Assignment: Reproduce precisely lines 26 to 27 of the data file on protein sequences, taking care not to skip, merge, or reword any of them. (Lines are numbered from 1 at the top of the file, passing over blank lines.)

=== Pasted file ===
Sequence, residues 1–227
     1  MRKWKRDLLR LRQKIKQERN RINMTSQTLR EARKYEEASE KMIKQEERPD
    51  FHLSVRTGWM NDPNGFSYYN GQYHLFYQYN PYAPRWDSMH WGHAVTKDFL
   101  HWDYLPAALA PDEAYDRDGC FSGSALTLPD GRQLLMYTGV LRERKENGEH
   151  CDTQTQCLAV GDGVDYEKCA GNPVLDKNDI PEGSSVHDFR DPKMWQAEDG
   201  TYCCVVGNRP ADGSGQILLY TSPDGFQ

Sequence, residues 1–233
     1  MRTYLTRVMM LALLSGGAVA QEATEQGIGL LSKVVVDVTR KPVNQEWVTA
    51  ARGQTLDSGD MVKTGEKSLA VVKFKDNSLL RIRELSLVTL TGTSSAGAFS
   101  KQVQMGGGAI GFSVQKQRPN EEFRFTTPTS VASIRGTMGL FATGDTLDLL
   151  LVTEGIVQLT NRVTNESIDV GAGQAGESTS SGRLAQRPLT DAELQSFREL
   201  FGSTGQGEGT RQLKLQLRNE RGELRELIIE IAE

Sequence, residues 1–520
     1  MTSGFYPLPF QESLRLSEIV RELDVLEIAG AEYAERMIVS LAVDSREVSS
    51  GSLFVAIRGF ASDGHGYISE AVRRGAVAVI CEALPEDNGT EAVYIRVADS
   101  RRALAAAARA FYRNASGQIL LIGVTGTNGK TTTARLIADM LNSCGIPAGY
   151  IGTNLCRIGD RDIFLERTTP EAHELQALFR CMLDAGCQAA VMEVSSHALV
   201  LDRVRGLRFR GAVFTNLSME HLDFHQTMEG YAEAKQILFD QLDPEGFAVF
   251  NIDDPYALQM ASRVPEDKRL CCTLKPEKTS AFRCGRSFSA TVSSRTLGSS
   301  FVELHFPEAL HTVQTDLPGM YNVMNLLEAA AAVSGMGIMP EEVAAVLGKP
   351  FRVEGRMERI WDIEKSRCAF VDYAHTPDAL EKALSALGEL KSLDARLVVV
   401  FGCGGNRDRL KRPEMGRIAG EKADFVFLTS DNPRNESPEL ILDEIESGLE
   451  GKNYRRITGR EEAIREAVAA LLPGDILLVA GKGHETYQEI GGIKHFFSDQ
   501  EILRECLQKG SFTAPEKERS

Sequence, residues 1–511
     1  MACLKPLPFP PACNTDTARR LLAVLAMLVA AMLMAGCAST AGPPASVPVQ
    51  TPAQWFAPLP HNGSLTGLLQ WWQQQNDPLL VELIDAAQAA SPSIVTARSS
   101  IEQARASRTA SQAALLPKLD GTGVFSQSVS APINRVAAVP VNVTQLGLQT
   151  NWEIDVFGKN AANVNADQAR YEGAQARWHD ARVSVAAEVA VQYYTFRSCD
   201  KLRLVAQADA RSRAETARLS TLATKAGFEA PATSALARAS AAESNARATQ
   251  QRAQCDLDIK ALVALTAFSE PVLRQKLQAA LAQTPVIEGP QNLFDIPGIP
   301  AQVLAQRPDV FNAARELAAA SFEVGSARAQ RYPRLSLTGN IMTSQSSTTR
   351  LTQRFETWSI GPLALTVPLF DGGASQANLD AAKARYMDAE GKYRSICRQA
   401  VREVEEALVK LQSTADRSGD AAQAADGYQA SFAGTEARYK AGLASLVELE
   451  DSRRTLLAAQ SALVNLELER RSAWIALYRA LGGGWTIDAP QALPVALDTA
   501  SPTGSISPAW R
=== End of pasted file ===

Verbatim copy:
     1  MACLKPLPFP PACNTDTARR LLAVLAMLVA AMLMAGCAST AGPPASVPVQ
    51  TPAQWFAPLP HNGSLTGLLQ WWQQQNDPLL VELIDAAQAA SPSIVTARSS